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Thursday,21-October-2021

Sports

Lionel Messi sends ‘strength’ to COVID-19 affected people

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Lionel Messi has called for people to “stay at home” and heed the advice of authorities in a bid to counter the coronavirus epidemic.

The Barcelona and Argentina forward’s message came as the global death toll from the outbreak surpassed 5,000 on Saturday.

Messi said he is currently spending time with his family after the suspension of all major domestic and continental football competitions in Europe, as well as the postponement of the first two rounds of South America’s 2022 World Cup qualifiers.

“Health must always come first,” Messi said in an Instagram post. “It is an exceptional time and we must follow the instructions of health organisations and public authorities. Only by doing this can we effectively combat it.

“It is the time to be responsible and stay at home. It is also a perfect opportunity to enjoy family time, something that’s not always possible.”

Messi’s words were accompanied by a photo of the 32-year-old with two of his children.

The six-time Ballon d’Or winner said he hoped “we can turn this situation around as soon as possible” and offered moral support to those directly impacted by the virus.

“These are complicated days for everyone,” Messi said. “We are worried about what is happening and we want to help by putting ourselves in the place of those who are having the worst of it, either because it has directly affected them or their family and friends, or because they are working on the front line to combat it in hospitals and health centres. I want to send a lot of strength to all of them.”

National

BCCI wants Dravid to be India’s chief coach; sources say Rahul’s ‘agreed but…!’

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Rahul-Dravid

 Former Indian cricketer Rahul Dravid has agreed to coach the national side after the ICC T20 World Cup but there are a couple of issues which he wants to be sorted out before joining, said a BCCI official.

Earlier, there were reports that Dravid would be the interim coach for the upcoming home series against New Zealand.

However, the BCCI official has now confirmed that “Rahul has agreed to coach the Indian team till 2023 World Cup”.

The official told IANS that BCCI chief Sourav Ganguly and secretary Jay Shah had a meeting with Dravid on the side-lines of the IPL final on Friday evening and they managed to convince him.

“There are a couple of issues which Dravid wants to settle with the BCCI and hopefully that will be done,” he added.

Asked what are the “issues”, the official said, “Like, Dravid wants to have new support staff… changing the entire old one. And a couple of other things. I am sure everything will be sorted out. Because BCCI wants Dravid to lead the charge.”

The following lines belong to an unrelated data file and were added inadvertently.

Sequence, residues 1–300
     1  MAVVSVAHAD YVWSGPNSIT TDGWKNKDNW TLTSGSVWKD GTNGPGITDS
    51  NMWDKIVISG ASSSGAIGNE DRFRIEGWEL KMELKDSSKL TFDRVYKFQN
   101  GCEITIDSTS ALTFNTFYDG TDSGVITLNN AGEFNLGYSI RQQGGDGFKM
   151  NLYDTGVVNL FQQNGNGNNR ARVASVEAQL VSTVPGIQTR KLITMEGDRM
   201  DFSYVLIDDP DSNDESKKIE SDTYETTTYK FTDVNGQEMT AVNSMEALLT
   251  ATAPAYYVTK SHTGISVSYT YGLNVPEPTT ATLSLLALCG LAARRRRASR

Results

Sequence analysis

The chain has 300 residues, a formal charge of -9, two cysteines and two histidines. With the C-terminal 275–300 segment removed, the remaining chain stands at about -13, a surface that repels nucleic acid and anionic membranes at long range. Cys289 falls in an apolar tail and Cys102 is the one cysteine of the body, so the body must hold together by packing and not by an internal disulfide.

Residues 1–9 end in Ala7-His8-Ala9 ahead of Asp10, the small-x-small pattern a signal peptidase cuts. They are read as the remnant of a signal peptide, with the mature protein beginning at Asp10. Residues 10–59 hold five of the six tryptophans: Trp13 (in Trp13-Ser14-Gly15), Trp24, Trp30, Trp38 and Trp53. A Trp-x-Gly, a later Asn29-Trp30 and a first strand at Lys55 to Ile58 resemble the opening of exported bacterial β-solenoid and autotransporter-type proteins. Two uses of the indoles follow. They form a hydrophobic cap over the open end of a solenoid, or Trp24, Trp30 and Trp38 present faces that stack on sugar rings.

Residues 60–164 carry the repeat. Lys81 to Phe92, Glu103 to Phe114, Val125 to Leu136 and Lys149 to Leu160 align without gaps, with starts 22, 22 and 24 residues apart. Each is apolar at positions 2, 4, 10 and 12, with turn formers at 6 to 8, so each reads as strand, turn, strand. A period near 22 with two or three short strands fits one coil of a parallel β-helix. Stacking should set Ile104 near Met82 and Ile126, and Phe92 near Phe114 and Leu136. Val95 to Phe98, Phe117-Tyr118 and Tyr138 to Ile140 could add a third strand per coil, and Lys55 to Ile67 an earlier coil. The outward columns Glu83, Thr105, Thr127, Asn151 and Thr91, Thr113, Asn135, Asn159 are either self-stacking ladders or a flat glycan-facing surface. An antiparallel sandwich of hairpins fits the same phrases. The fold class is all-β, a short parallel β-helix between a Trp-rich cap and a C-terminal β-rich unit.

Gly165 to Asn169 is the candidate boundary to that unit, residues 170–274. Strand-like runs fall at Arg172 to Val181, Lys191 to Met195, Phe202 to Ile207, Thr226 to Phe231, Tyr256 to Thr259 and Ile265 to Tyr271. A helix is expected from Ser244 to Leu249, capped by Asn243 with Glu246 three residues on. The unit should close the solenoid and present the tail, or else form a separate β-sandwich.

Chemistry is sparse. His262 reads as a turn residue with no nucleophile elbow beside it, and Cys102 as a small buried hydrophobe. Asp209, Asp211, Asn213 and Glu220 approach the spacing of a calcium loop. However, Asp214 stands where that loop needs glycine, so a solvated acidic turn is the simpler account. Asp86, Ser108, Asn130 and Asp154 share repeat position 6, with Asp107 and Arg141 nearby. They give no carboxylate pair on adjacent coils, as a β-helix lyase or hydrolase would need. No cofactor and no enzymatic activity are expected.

It is learnt that former Mumbai pacer Paras Mhambrey may take over from Bharat Arun as the bowling coach.

Sources further said that Dravid had suggested Australian Tom Moody’s name for the coach’s job, but the Board didn’t show too much interest.

The 48-year-old Dravid has been in charge of the India A and U-19 set-up for the past six years. He currently heads the National Cricket Academy in Bengaluru.

“He will resign from there and take over the charge (of Team India),” sources added.

Dravid had recently coached a second-string Indian team to a tour of Sri Lanka even as the national senior team was playing concurrently in England.

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International

ICC T20 World Cup: Bangladesh high on confidence as they begin campaign vs Scotland

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 Bangladesh will be high on confidence when they take on Scotland in a First Round, Group B match at the Al Amerat Cricket Stadium here on Sunday (October 17), having hit top-gear with victories against the two best sides in the world — New Zealand and Australia — at home in August-September this year.

Bangladesh come into the tournament with nine T20I wins in the calendar year, only behind South Africa who have 12. Since losing to New Zealand in March away from home, Bangladesh have been unstoppable in T20Is, registering series wins over Zimbabwe (2-1), Australia (4-1) and New Zealand (3-2).

Over the years, Bangladesh have done enough to shed the tag of underdogs, showing marked improvement across all formats. At the T20 World Cup 2021, they have a chance to showcase just how far they have come in the shortest format of the game.

With form on their side, Bangladesh are favourites to top Group B in the First Round where they have been drawn alongside Scotland, Oman and Papua New Guinea.